To be clear, food consumption was assessed, but animal protein consumption and cancer were not reliably associated in any way. So the authors looked at blood biomarkers that were correlated to cancer and then claimed these biomarkers were evidence of animal product consumption and that animal consumption was therefor correlated to cancer. This is like finding that people who eat raspberries are just as healthy as people who eat peaches, but then finding that those with red stains on their mouths are more likely to get colds and concluding that raspberries cause colds.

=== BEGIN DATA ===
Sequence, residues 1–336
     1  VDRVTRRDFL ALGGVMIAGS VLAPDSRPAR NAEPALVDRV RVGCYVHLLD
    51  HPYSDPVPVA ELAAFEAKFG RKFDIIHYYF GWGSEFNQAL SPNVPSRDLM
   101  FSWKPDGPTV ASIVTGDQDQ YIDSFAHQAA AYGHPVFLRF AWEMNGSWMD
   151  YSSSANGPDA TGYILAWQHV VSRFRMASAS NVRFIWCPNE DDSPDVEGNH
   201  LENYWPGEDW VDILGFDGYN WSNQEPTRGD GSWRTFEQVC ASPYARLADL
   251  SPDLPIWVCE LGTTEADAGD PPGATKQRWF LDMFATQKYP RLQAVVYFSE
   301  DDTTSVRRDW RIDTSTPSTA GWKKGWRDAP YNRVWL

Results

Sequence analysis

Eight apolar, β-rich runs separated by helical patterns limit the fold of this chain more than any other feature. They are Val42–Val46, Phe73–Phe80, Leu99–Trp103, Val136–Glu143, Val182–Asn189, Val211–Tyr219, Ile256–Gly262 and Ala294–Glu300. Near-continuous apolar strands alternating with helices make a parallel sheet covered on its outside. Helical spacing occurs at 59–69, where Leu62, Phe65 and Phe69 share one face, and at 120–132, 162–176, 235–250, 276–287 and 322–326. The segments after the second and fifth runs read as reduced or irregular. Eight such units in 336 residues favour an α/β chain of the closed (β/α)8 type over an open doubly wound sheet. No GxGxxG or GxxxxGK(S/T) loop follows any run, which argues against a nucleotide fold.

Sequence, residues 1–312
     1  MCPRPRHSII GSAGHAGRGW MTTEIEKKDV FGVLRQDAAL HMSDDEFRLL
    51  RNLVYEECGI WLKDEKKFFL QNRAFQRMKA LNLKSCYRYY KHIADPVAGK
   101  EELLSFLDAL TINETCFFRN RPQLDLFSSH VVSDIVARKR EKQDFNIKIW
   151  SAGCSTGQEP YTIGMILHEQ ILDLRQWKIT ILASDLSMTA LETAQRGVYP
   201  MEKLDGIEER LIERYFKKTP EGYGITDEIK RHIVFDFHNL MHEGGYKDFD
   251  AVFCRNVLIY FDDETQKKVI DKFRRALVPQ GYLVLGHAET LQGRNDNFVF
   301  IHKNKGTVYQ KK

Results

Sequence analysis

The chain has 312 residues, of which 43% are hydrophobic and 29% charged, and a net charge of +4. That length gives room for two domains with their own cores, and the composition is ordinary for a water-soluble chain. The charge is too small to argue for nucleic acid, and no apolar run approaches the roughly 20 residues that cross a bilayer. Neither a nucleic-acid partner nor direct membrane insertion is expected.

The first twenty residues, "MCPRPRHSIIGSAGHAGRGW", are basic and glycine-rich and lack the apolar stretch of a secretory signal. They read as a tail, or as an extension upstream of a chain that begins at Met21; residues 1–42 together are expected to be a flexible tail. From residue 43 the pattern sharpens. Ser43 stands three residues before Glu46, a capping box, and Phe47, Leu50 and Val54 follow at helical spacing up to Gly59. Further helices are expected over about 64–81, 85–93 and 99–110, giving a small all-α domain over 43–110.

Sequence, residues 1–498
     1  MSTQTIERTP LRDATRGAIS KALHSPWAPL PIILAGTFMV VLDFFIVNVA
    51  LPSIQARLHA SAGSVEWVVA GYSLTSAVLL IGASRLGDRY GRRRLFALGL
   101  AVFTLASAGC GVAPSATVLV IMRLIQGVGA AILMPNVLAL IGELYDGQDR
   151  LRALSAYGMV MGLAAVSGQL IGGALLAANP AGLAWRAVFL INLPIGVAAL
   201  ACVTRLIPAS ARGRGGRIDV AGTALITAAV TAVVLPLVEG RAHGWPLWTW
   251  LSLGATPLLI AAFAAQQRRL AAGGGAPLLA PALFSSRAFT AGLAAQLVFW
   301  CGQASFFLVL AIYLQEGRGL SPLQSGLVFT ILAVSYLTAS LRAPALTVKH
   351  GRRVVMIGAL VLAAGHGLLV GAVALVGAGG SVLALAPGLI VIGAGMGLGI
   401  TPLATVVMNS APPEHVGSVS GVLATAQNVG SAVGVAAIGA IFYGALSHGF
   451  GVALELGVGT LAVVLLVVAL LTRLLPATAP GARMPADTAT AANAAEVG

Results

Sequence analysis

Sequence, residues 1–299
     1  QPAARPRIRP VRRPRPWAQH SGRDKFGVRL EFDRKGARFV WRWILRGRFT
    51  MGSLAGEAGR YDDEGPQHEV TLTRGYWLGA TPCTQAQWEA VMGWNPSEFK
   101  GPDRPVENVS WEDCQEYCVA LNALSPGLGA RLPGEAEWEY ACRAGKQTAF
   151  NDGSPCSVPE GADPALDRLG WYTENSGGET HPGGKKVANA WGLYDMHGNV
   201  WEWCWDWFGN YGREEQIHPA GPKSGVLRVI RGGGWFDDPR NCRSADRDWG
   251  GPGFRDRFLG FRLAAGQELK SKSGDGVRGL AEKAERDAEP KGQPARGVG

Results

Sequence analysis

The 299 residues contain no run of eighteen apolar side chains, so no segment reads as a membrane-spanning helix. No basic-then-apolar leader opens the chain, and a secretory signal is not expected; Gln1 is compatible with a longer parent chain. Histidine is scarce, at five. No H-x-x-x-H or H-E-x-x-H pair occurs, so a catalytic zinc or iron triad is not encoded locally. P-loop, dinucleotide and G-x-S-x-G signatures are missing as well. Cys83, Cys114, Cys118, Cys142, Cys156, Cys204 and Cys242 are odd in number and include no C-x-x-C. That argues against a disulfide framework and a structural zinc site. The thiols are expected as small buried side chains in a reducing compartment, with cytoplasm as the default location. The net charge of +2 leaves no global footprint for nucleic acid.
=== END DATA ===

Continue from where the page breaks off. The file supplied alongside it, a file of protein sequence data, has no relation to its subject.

Animal fat does tend to be the most saturated and therefor one of the least healthy of your fat options. Fats from plants in contrast are almost always mainly monounsaturated (the healthiest fat option available). Thus fattier meats should be eaten in moderation and there is nothing wrong with avoiding them entirely. Animal and dairy protein however are among the highest quality and best-absorbed protein sources, so barring a moral opposition to meat consumption, avoiding these is throwing the baby out with the bath water. The moral argument for avoiding animal products is another one entirely and is not without significant merit. If you are morally opposed to the consumption of animal products there are absolutely alternatives to animal protein and a careful diet with some supplementation can give you all the same benefits as any omnivore diet these days. It may be tempting to want the health repercussions of an omnivore diet to align with the morals of a vegan diet––in other words to wish that both morality and health supported avoiding meat, but this is just not the case. Likewise many meat eaters may wish that they could justify their choice as superior for health and performance, but this is not the case either. We each must make the choice to eat healthfully without violating our own morals. The moral question is individual, but science can guide nutrition based health decisions. Animal protein does not cause cancer, but that does not mean you have to eat it.